Rolling Stone talks to Tony Visconti about Bowie's new album & Morrissey's future
Published: January 15, 2013 12:36PM
Updated: January 15, 2013 12:36PM

In the new issue of Rolling Stone, editor Andy Greene gets the skinny on David Bowie’s first LP in years, "The Next Day."

Greene sat down with Bowie’s longtime producer (since "Space Oddity" in 1969) Tony Visconti about the pair's secret sessions, how medieval English history inspired some of the songs and why it's unlikely that Bowie will tour – though a single show remains possible.

As the producer noted, his other longtime collaborator, Morrissey, has the opposite plan. . . but he'll get to that.

You can read the full Q&A here: http://www.rollingstone.com/music/news/david-bowies-the-next-day-album-a-track-by-track-preview-20130115

Here are a few gems for the session:

“I think it's great! It gives him a nice space to sign his autograph in the middle of it.” –Visconti on the interesting album cover.

“And he made that very clear to the label that he wasn't going to tour or do any kind of ridiculously long album promotion. It was his idea to just drop it at midnight on his birthday and just let things avalanche.” –Visconti on whether Bowie plans to tour.

“It's possible, if he feels like it. I don't know. I spoke to him two days ago and he said, "I'm really adamant I'm not gonna do a tour." And he said, "If I might, I might do one show."” –Visconti on the possibility of just one show.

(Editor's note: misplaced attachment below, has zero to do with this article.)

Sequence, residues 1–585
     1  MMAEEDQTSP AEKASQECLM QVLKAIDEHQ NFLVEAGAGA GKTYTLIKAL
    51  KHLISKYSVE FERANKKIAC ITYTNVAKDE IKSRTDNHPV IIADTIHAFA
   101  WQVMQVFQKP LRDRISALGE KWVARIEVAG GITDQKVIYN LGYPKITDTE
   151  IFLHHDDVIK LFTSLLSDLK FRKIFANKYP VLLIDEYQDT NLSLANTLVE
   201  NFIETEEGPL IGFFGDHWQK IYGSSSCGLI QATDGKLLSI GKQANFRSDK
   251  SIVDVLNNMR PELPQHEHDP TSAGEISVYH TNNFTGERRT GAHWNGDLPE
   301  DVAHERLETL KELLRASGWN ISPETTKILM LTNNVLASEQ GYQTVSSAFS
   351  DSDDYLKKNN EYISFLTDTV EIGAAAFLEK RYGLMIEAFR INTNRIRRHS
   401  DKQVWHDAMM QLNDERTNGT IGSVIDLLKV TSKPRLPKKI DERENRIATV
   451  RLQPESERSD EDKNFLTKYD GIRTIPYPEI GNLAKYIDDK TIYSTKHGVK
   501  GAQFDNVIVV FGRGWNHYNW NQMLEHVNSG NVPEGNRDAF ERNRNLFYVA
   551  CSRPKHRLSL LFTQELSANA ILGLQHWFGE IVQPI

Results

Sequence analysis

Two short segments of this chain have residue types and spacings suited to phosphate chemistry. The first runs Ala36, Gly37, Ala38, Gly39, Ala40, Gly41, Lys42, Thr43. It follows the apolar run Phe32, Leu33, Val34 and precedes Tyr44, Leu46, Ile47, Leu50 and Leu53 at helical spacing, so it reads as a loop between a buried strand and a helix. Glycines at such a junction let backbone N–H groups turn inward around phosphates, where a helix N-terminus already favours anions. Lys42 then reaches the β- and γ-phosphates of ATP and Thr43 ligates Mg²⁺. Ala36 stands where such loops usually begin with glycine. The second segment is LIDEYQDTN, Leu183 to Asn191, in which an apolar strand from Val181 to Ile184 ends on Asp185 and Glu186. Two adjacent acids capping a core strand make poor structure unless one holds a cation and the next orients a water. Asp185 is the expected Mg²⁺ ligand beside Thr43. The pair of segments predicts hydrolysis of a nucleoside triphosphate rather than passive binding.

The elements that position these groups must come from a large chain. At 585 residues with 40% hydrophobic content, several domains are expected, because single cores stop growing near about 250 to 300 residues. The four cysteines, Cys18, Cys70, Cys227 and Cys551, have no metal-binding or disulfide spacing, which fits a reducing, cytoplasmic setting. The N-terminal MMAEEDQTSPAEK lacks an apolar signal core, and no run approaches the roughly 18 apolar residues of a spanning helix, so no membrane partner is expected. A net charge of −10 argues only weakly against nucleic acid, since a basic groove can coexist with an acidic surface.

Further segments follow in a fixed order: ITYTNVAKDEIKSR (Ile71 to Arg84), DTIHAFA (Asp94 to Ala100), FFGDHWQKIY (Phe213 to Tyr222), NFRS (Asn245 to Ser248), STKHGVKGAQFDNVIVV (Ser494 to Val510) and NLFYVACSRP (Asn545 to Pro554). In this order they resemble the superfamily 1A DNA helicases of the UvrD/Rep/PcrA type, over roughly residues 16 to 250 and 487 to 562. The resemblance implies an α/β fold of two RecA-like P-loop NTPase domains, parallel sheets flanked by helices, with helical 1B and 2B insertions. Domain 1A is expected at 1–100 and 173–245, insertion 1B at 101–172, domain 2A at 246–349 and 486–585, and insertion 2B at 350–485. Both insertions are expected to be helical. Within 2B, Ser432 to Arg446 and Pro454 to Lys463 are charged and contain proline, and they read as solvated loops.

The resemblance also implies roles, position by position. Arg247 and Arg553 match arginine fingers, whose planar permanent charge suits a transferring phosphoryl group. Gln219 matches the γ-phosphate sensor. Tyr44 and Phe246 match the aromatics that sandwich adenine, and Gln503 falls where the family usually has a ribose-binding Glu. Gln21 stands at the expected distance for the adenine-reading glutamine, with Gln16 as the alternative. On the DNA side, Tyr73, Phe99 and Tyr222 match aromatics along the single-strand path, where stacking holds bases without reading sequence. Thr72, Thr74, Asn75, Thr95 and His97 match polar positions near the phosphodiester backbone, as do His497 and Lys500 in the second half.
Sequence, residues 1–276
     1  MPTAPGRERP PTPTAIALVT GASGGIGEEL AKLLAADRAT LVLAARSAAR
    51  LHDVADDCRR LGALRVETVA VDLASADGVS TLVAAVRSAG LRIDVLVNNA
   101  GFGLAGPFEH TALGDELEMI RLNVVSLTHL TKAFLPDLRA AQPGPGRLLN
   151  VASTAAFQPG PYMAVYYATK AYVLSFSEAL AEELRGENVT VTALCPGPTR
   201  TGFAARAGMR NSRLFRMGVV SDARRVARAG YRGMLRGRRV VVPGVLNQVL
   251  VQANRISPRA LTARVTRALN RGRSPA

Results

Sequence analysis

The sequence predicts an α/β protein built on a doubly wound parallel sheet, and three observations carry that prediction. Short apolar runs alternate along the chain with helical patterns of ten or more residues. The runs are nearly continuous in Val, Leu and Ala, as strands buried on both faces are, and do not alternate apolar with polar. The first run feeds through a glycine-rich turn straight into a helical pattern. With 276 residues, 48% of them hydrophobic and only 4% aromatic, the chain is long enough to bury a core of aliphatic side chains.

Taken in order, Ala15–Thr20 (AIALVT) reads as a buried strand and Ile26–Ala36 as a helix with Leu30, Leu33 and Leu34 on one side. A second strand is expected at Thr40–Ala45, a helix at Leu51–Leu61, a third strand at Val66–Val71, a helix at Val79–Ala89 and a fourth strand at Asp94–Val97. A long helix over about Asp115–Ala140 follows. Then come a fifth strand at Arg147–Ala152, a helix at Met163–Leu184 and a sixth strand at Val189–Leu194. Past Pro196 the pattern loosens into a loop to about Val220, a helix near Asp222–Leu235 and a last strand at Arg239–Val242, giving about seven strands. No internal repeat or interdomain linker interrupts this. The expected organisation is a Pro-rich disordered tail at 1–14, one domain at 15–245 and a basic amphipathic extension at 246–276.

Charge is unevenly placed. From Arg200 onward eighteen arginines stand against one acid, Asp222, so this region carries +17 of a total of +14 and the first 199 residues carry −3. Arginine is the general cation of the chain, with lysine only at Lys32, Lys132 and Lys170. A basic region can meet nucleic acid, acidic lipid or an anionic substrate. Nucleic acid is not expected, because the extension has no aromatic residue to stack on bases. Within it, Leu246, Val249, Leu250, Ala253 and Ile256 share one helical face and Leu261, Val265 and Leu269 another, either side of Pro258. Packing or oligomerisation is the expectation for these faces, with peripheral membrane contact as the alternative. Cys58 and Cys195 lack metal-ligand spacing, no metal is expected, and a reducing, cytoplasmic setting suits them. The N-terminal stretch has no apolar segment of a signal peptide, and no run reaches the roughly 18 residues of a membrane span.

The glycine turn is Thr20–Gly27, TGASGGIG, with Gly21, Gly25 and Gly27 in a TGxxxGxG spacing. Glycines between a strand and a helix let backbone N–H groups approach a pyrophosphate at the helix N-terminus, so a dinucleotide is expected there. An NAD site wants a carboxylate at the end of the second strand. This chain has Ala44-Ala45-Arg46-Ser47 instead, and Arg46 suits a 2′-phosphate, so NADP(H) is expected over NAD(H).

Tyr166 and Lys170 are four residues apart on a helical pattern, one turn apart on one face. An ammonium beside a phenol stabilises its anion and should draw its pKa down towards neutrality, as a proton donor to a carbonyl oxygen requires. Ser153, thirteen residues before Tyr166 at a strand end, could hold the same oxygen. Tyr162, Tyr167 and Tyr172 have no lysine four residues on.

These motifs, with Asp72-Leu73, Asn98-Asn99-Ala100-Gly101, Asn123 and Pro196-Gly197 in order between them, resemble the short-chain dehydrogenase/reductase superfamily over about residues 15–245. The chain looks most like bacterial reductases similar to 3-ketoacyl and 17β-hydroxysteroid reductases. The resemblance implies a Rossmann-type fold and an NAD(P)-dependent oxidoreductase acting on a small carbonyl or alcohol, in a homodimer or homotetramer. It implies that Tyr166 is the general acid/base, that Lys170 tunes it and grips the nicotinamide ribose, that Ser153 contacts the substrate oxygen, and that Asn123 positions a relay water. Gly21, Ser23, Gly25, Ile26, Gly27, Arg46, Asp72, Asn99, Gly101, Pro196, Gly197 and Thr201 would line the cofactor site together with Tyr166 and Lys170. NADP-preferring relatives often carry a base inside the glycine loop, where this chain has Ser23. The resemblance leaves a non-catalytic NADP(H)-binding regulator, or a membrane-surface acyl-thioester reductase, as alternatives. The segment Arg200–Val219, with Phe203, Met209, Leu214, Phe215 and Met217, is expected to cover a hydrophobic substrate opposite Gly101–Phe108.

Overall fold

“He's singing in his handsomest voice, a very deep, very sonorous voice. And I can't give too much away about it because honestly, I don't know exactly what it's about, if it's about being in a real prison or being imprisoned in your mind.” –Visconti discussing ‘Heat,’ the closing song of the album.

As for Morrissey (in Utah soon), here is an excerpt:

Do you think that you and Morrissey will ever work together again?
Hopefully we will. I'm going to see him Friday night in Brooklyn. We email a lot. We talk a lot. He's very reluctant to have a deal with anybody. 'Cause nowadays, the problem is, when a label signs you – right now, he has no label – so if I sign a new label deal, he has to sign a 360 deal. They want a piece of everything. If you write a book, if you write a song, if you're in a movie, they want part of your fee for all these things. So that's the deal that the big labels are offering now and that's because sales are so low and they have to make up their money some way. He's totally against that. He's old-school. I actually I don't blame him.

He could pull a Radiohead and post it online for a fee.
I know. He's also old school about paying for it himself. Traditionally, the label's gotta pay for him. I understand that, and there's an old saying in show business that you never invest your own money in a show. It kinda follows onto recording to some extent, but that attitude has changed.

He could also sign to an indie label that wouldn't make him sign a 360. . . But beyond that, he has enough fans that he'd make a killing charging $10 for an album online?
Yeah, he'll make his money back, yeah. He's playing his new songs onstage, they're being recorded on cell phones every night of the week and they're wonderful songs.